March 11, 2016 § Leave a comment
Then came the meltdowns at the Fukushima Daiichi Nuclear Power Plant complex, forcing the evacuation of hundreds of thousands of people in the vicinity. Residents of the twelve-mile-radius evacuation zone were resettled in other areas; as cleanup is estimated to take forty years, they are unlikely ever to return home.
In the aftermath of this unprecedented triple disaster, it was impossible to know how quickly Japan would recover, or even if it would. If the earthquake’s epicenter had been in Kanto, it would have been a different story, as Tokyo would have suffered the brunt of the damage. But Tohoku is considerably less populated–think New England versus the New York metropolitan area. Another reason for Japan’s recovery is its institutional strength: thanks to a strong central government and well-developed prefectural and local governments, debris was quickly cleared and roads, railway lines repaired in record time. All of the region’s many ports were operational within the year.
Though the Daiichi plant continues to leak radioactive water, today there are few reminders of the disaster outside Tohoku. When I went back to Japan on vacation in 2013, I found both Tokyo and Kyoto more opulent and overrun by tourists than ever before. Each year has brought record numbers of visitors to Japan, and in 2020 Tokyo will host the Summer Olympic Games for the second time.
As heartening as these developments are, I haven’t forgotten what happened on 3/11 and never will. Here are two posts I wrote immediately after that terrible day five years ago:
March 27, 2011 § 1 Comment
When I was a second-grader in Tokyo, a large earthquake struck during school hours. My classmates and I had been through enough drills, as well as actual quakes, to know what to do, and got under our desks to wait it out. But this earthquake was different from the others: instead of shaking the building, it made it sway like a pendulum. The intensity of the swaying increased until the classroom felt like a boat on rough seas. When it finally stopped, we got out from under our desks and, after calming down, finished out the day as usual. Later we learned the earthquake’s epicenter had been on the coast south of Tokyo, and that a school there had collapsed, crushing the children inside.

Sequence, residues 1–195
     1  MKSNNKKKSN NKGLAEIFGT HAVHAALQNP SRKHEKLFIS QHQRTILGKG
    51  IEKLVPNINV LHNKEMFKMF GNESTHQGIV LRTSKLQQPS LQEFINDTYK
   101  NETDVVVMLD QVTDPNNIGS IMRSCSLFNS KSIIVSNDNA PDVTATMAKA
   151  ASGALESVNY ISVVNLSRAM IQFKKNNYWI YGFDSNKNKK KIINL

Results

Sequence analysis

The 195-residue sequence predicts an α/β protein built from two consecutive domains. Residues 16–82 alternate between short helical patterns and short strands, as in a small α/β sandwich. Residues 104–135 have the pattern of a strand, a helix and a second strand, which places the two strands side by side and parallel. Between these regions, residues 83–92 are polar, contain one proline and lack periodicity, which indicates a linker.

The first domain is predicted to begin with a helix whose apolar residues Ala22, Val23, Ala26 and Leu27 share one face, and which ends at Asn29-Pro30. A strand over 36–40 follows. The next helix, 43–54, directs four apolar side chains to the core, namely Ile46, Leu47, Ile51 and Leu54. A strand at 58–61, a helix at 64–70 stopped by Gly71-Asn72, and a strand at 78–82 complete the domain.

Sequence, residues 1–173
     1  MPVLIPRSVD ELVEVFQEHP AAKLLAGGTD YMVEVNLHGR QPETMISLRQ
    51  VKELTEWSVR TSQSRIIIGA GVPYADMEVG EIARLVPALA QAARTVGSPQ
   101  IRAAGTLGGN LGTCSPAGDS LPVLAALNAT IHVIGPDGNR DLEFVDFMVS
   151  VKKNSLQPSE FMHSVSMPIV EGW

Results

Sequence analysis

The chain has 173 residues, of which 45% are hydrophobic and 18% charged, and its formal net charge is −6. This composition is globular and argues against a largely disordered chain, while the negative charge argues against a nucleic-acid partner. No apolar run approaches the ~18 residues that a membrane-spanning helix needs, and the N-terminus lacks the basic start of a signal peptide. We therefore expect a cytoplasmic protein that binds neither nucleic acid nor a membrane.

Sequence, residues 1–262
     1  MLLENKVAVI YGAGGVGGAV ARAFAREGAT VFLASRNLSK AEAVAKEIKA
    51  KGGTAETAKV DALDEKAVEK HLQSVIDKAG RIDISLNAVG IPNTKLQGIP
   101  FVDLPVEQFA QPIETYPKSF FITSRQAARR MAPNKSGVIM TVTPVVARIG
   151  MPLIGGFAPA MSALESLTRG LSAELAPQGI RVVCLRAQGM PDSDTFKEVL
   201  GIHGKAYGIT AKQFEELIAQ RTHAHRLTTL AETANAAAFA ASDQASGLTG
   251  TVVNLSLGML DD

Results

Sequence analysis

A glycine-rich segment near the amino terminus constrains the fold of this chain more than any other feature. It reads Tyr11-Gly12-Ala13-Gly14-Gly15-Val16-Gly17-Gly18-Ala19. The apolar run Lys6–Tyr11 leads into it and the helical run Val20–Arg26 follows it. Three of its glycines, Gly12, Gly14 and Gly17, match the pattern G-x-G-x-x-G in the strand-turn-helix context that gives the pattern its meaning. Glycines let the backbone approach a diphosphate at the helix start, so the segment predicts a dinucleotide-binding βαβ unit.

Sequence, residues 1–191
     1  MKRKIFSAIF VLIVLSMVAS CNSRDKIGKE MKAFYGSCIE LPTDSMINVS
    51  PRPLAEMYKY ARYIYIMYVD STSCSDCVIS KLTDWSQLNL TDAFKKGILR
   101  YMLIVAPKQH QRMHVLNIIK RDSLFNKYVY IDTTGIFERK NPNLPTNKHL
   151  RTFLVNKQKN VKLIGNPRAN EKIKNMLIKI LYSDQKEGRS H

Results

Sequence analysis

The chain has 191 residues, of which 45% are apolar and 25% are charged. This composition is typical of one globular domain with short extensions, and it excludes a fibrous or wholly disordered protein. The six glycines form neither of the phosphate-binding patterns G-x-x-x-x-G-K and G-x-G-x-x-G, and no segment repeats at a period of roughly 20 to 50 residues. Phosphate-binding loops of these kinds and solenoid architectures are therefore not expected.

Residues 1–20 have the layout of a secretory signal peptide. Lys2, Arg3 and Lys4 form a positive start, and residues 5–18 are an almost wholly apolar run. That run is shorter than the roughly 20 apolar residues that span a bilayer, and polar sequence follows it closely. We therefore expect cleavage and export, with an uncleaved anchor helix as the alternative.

Since then, I’ve lived both in the Bay Area and in Los Angeles, going through earthquakes of various sizes and types. The Northridge Earthquake was probably the most violent, knocking down the brick wall and cracking the base of the chimney in the house where I lived at the time. (The chimney turned out to be supporting the entire house–but that’s another story.) But what I remember most about the Northridge Quake is that my young son and I stayed calm as the house shook violently, while my boyfriend at the time screamed and cried hysterically at each jolt. He wasn’t much better after the earthquake: despite the fact that there was no electricity or phone service, he kept switching on the TV and trying to use the phone. Downed power lines crackled outside, yet he was determined to jump in his car and drive back to Santa Monica. If I hadn’t stopped him, he would have gone–probably via the 10, which had collapsed.
The point is, staying calm is essential in a natural disaster. In Japan, accounts of level-headedness during the recent Tohoku Earthquake abound: despite its 5-minute duration, people did as they were taught in drills, taking cover and remaining calm under duress. The tsunami was a somewhat different story, since it’s hard not to panic in the face of a rapidly approaching 30-foot wall of water. Yet in seaside towns, there were instances of incredible bravery: a man carrying an old woman–who somehow remained calm–up a flight of stairs after the water rose to her nose; a teenage boy who leapt from rooftop to rooftop as the wave surged through his town.
With all that in mind, here are a few tips for getting through the next LA earthquake:
During: Get on the floor, away from windows and stairs. Standing in a doorway is not safe, despite what we were told. Taking shelter under a sturdy piece of furniture will protect you from falling objects. It’s unlikely that your building will collapse, so Doug Copp’s “Triangle of Life”–which dictates getting alongside large objects to create a safe space and air pocket for yourself–isn’t as helpful here as it would be in a place like Haiti. You’re much more likely to be hit by books and artwork, so stay under the desk. If you’re in the car, try to pull over and stop, avoiding power lines, tunnels and bridges. Stay in the car until it’s over.
After: This involves advance planning. You should know beforehand where family members will meet in the absence of phone communication. Chances are that power and phone lines won’t be working for hours or days, so it’s important to have flashlights, extra batteries and a radio that runs on batteries or alternative energy (solar or hand-cranked). You should have a wrench in order to turn off the gas at the meter. Last year, Los Angeles advised residents to prepare to fend for themselves for up to two weeks after a major earthquake–which means some serious provisioning. You will need at least 1 gallon of water per person, per day, as well as food that doesn’t require cooking. If you have cans, keep a can opener in the same place. If you have pets, you will need extra water as well as food for them. It’s a good idea to keep at least a half-tank of gas in the car at all times and–because credit cards depend on phone lines–some emergency cash. You can go much further, but these are the basics.
Above all, don’t panic.